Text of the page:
BEAUTIFUL AFRICAN MUSIC FROM SENEGAL, KORA MUSIC FROM WEST AFRICA, HARP AND KORA MUSICAL PERFORMANCE IN LONDON, Is the harp hard to play? Unlike wind and bowed string instruments, the harp sounds great from day one and it is relatively easy to play simple and satisfying pieces after only a few lessons. However, the harp is a difficult instrument to play to a high standard.
How much does a harp cost?
How much does a harp cost? The average price of a lever harp is between $2,500 to $5,000 while a full size pedal harp is $15,000 to $20,000.
Why do harps cost so much? Quality of Materials
Not only does quality wood influence the harp's aesthetic quality, but it also affects its sound production and durability. So, you can see why a harp with top-notch wood is usually more expensive. In light of this, the wood in professional harps is one of several reasons they cost so much.
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The kora (Bambara: ߞߐߙߊ köra) is a stringed instrument used extensively in West Africa. A kora typically has 21 strings, which are played by plucking with the fingers. It combines features of the lute and harp.
The kora is built from a large calabash, cut in half and covered with cow skin to make a resonator with a long hardwood neck. The skin is supported by two handles that run underneath it. It has 21 strings, each of which plays a different note. These strings are supported by a notched, double free-standing bridge. The kora doesn't fit into any one category of musical instrument, but rather several, and must be classified as a "double-bridge-harp-lute." The strings run in two divided ranks, characteristic of a double harp. They do not end in a soundboard but are instead held in notches on a bridge, classifying it as a bridge harp. The strings originate from a string arm or neck and cross a bridge directly supported by a resonating chamber, also making it a lute.
The sound of a kora resembles that of a harp, though when played in the traditional style it bears resemblance to a guitar played using the flamenco or Delta blues technique of plucking polyrhythmic patterns with both hands (using the remaining fingers to secure the instrument by holding the hand posts on either side of the strings). Ostinato riffs ("Kumbengo") and improvised solo runs ("Birimintingo") are played at the same time by skilled players.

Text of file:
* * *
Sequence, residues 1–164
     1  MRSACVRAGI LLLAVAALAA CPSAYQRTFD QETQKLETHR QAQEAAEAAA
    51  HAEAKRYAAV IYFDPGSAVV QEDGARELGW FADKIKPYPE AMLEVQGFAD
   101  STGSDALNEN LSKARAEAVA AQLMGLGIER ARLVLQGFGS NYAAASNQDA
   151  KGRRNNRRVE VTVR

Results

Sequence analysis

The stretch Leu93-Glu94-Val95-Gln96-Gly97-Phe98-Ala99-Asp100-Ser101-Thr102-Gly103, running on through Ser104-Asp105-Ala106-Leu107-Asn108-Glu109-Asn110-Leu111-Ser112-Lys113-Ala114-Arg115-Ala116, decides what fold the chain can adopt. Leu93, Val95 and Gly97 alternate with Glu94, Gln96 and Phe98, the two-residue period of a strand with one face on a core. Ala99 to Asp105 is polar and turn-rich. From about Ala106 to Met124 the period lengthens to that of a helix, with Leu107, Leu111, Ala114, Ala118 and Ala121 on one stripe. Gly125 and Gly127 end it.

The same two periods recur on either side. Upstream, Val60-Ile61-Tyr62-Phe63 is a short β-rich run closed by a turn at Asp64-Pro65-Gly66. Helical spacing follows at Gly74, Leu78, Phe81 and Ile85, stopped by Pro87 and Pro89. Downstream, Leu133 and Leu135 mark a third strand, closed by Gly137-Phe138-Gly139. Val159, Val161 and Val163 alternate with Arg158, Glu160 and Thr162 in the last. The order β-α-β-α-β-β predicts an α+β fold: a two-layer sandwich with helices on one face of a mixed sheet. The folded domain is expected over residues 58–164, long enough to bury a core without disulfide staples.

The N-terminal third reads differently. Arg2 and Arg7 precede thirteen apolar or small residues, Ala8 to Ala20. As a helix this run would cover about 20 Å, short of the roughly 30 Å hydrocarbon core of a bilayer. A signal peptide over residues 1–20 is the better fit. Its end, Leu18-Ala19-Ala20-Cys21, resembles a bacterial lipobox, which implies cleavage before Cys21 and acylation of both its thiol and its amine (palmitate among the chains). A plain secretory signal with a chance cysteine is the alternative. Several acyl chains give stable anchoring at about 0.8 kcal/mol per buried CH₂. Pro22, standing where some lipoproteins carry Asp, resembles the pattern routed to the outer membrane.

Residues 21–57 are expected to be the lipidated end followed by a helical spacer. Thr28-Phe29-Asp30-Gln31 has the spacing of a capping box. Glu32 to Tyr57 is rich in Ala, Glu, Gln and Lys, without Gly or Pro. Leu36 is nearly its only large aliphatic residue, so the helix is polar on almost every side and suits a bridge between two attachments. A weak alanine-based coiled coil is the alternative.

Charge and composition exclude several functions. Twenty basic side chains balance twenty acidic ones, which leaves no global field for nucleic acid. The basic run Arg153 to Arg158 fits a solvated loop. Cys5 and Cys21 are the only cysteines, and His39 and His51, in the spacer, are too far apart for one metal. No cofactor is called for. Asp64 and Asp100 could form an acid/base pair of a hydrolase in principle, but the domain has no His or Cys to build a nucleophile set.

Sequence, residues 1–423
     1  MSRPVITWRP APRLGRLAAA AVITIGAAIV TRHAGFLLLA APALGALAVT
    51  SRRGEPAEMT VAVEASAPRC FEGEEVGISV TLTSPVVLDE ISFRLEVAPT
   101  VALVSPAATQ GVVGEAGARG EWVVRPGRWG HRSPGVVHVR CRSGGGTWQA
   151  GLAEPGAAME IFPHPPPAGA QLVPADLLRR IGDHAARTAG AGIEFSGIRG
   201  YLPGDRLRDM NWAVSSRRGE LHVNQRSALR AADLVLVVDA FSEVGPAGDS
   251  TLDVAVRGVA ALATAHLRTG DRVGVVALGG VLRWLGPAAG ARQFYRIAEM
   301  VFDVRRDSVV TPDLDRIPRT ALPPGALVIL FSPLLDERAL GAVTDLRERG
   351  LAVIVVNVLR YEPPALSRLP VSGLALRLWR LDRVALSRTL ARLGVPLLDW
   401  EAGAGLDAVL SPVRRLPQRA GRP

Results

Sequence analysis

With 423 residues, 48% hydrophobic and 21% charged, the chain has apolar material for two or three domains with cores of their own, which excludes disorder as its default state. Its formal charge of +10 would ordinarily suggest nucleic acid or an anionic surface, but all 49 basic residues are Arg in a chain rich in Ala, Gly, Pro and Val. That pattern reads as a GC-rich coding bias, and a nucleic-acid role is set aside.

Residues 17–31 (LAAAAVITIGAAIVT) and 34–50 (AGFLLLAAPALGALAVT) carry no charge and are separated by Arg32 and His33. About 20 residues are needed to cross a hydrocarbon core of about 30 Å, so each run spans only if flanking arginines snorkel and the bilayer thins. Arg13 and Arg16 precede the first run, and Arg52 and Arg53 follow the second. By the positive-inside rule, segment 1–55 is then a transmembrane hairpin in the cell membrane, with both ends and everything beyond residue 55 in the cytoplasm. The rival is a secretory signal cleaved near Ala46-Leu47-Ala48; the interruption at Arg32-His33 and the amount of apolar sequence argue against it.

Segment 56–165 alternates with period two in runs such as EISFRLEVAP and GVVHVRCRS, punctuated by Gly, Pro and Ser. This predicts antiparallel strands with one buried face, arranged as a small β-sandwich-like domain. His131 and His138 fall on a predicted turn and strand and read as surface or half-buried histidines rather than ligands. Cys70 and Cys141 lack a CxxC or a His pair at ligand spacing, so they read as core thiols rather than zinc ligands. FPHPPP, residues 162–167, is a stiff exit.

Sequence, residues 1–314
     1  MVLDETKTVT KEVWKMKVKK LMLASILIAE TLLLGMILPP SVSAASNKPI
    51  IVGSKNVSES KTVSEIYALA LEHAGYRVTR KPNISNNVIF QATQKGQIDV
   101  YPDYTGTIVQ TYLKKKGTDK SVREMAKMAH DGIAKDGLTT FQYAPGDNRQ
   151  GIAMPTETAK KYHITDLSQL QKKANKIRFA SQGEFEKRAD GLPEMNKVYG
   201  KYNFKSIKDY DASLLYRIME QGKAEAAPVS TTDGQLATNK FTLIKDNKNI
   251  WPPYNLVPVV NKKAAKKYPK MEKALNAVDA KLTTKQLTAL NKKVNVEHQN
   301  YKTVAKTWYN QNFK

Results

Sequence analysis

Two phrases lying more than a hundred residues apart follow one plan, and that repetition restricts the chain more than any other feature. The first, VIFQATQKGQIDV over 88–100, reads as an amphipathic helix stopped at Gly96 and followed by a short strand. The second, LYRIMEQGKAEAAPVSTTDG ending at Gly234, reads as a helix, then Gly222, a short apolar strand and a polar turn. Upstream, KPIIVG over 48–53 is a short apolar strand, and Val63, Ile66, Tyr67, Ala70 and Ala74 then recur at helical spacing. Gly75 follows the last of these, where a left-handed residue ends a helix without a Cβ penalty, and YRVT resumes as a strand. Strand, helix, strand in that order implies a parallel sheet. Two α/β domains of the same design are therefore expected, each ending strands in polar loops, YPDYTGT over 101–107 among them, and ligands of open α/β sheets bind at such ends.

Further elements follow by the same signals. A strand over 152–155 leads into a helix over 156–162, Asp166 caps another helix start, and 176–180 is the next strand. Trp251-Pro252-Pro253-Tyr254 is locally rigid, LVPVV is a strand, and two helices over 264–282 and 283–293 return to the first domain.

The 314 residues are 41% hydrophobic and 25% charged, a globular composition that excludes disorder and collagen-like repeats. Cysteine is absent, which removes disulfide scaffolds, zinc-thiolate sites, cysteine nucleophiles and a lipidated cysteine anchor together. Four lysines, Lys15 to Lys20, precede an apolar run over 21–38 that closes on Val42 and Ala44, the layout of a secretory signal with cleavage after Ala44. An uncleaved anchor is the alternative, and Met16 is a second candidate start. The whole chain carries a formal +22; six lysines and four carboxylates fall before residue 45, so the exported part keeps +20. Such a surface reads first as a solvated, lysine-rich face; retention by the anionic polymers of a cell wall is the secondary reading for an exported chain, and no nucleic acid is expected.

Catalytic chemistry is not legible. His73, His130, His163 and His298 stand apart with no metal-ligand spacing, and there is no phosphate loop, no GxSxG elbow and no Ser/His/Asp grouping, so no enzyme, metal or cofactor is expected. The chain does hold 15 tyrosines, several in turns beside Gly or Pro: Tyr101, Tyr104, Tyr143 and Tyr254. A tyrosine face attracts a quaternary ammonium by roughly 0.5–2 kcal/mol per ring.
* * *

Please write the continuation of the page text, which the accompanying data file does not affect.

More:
Kora players have traditionally come from jali families (also from the Mandinka tribes) who are traditional historians, genealogists and storytellers who pass their skills on to their descendants. Though played in Guinea, Guinea-Bissau, Mali, Senegal and Burkina Faso, the instrument was first discovered in the Gambia. While those from neighbouring Guinea were known to carry the lute, Senegalese Griots were known as carriers of a hand drum known as the Sabar. Most West African musicians prefer the term "jali" to "griot," which is the French word. "Jali" means something similar to a "bard" or oral historian.
Traditional koras feature strings, eleven played by the left hand and ten by the right. Modern koras made in the Casamance region of southern Senegal sometimes feature additional bass strings, adding up to four strings to the traditional 21. Strings were traditionally made from thin strips of hide, such as cow or antelope skin. Today, most strings are made from harp strings or nylon fishing line, sometimes plaited together to create thicker strings.
A vital accessory in the past was the nyenmyemo, a leaf-shaped plate of tin or brass with wire loops threaded around the edge. Clamped to the bridge,[dubious – discuss] or the top end of the neck it produced sympathetic sounds, serving as an amplifier since the sound carried well into the open air. In today's environment, players usually prefer or need an electronic pickup.
By moving the konso (a system of leather tuning rings) up and down the neck, a kora player can retune the instrument into one of four seven-note scales. These scales are close in tuning to western major, minor and Lydian modes.
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